This year, Elizabeth Rose, WACAP’s China adoption supervisor, and her husband Steve Mohundro will celebrate their first Mother’s Day with their son Theo, adopted from China through WACAP last November.
Thank you, Elizabeth, for sharing this inspiring story about being Theo’s mom … and the joy he brings this Mother’s Day, and each day.
Coming Home to Theo
A winter visit to the park with Mom
“No, mama! JEANS!” Theo stomps his little foot down on our floor. The effect is quite dramatic as he happens to be standing directly above a heating duct, making his little stomp sound like rolling thunder.
This is the scene in my house nearly every morning as I get ready to go to work. Theo is not the fashion police – he has just picked up on the fact that on the days I stay home with him, I wear jeans and the days I go to work, I wear dress pants.
Cherry blossoms overhead with Dad
My husband and I adopted Theo in November. He’s our first child, so it has been quite a change in lifestyle for us. In the first months after we were home, there were times when I couldn’t wait for my husband to get off of work and relieve me for a little while. It wasn’t that I didn’t enjoy my time with Theo – he is an affectionate, delightful, sweet little boy – but I was exhausted. It was mostly the little things such as wanting to go to the bathroom alone or wanting to have a conversation with another adult that lasted more than one minute without interruption. I was also exhausted because Theo would often wake up well before 6 a.m. and want to go outside to play. In December. I am not a morning person. And sometimes dressing Theo is like trying to put pantyhose on a cat. It could be really frustrating trying to get out of the house on any sort of a schedule.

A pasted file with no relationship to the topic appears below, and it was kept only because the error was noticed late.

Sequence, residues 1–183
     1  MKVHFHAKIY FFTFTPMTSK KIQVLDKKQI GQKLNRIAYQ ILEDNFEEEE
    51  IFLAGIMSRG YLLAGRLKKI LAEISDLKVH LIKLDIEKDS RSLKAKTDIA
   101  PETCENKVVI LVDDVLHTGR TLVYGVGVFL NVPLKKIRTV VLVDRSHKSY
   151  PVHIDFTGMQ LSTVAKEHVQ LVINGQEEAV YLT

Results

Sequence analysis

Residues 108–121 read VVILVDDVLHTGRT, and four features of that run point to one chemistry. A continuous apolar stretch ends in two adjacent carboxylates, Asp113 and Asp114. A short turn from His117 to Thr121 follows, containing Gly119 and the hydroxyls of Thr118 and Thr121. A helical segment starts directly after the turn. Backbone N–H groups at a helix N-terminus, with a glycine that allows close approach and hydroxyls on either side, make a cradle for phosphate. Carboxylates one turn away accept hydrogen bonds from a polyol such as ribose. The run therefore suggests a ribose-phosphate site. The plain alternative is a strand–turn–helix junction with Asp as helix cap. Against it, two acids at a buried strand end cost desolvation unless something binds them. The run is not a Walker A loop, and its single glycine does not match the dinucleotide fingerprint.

But I remember clearly the moment all of that frustration faded away for me. I was touring the perfectly nice child care center that Theo was going to be attending after my husband and I returned to work. The director was showing me their outdoor facilities and suddenly, I felt like she was telling me that this was where they would be torturing my son (when, of course, she was talking about where he’d be learning and interacting with the teachers and other kids). The thought of leaving him with anyone else overwhelmed me. It took all my strength to keep from crying and to keep myself from running out to the car, calling up my supervisor at WACAP and quitting immediately. From that moment on, I didn’t look forward to those little breaks from Theo. No one was going to come between me and him if I could help it.
Taking him to child care each day has been nearly as heartbreaking as I expected it would be. Every morning, not only does Theo try to get me to wear jeans, he also has a little speech he makes: “Theo sad. Theo cry. Misses mommy.” And I tell him every day that I’m sad and I miss him too, but that I hope he has fun and we’ll be there in the afternoon to pick him up. When I walk in the door in the evening, Theo runs to greet me yelling “MOMMY!” It’s one of the sweetest sounds I have ever heard.
And if I spend too much time settling in once I come in the door, Theo will run into my room, into our closet, and he’ll fish out a pair of jeans from my hamper and bring them to me. It’s the best homecoming a mama could ask for.